The government expansion of the U.S. Immigration and Custom's Enforcement Secure Communities program has coincided with a record number of U.S. deportations this year. Immigration officials announced that 393,862 individuals were deported during Fiscal Year 2010. Roughly half of the deportees in 2010 were convicted criminals. Individuals can be deported based upon specified grounds after a removal hearing in an Immigration Court.
The Secure Communities program uses technology to compare fingerprints of individuals held in local jails with fingerprints recorded in ICE and FBI databases. In 2009 the program was in operation at 95 detention centers across 11 states. That year the program detected 11,000 undocumented foreign nationals who had been accused of major crimes, according to John Morton, the Homeland Security assistant secretary for ICE. The program currently has been implanted in 891 detention centers and is recognized in 35 states.
In 2010, roughly 195,000 individuals with criminal records were removed from the country. Around 90,900 individuals were taken into custody by the federal government after being identified through the Secure Communities program.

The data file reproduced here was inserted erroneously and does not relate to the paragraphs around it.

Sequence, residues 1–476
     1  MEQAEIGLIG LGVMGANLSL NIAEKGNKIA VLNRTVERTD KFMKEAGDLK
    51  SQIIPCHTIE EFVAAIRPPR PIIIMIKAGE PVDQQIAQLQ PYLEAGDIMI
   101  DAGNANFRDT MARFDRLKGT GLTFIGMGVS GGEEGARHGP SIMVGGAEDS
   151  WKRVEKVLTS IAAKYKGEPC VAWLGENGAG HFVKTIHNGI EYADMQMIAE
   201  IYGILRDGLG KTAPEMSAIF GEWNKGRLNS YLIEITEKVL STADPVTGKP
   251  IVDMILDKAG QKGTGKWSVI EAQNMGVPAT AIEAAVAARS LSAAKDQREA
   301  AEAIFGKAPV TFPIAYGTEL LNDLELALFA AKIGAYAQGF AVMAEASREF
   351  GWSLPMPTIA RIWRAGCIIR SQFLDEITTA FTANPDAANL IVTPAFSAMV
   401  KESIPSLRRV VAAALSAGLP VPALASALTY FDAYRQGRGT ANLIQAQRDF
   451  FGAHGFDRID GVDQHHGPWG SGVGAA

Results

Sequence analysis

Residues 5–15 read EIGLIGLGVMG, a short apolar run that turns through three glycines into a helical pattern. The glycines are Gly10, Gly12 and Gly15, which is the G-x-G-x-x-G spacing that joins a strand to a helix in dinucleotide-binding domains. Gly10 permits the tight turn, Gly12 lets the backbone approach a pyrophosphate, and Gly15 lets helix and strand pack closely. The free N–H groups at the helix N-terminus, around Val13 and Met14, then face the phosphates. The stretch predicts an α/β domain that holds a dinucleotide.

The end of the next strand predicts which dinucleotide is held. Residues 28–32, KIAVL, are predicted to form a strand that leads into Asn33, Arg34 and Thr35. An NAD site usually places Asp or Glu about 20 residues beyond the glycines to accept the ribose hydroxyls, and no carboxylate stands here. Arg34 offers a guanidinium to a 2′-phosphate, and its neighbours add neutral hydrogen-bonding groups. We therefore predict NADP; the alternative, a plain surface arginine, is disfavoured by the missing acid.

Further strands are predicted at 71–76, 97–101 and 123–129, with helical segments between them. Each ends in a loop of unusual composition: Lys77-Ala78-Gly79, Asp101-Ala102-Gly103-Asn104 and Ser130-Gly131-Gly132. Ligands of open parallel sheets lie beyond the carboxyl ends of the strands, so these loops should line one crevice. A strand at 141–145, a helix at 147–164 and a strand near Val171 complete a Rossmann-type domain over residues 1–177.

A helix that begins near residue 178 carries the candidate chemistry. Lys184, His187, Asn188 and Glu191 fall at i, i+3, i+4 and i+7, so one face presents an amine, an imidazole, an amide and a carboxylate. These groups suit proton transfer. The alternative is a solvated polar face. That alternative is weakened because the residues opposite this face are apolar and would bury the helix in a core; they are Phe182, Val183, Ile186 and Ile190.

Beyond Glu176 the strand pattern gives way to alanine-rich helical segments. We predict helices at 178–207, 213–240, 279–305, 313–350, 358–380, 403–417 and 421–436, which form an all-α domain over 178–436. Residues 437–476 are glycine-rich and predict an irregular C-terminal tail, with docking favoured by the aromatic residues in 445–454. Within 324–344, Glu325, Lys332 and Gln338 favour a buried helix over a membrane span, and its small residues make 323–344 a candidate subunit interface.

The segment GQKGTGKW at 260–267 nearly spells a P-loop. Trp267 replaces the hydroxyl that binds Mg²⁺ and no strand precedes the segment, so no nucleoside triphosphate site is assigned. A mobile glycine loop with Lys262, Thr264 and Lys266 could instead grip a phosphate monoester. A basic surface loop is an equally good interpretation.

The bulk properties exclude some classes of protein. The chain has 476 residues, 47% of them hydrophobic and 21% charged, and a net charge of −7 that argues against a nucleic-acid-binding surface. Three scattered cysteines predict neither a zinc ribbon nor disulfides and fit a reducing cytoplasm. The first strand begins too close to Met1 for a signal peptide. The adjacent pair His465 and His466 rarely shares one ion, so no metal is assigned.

ICE has filed removal requests and deportation proceedings have begun against over 49,000 of the individuals. As many as 5,275 individuals are being deported for level 3 violations, which include traffic violations. 13,700 individuals were acquitted of criminal charges in 2010, but have immigration cases pending based upon documentation.
ICE deported just under 390,000 individuals in 2009. The agency has set a goal of 404,000 removals for next year. ICE reportedly has also indicated that it intends to pursue companies that hire unauthorized labor more harshly in the coming year.
Source: FOX News, "U.S. deports record number of migrants in 2010," 29 Dec 2010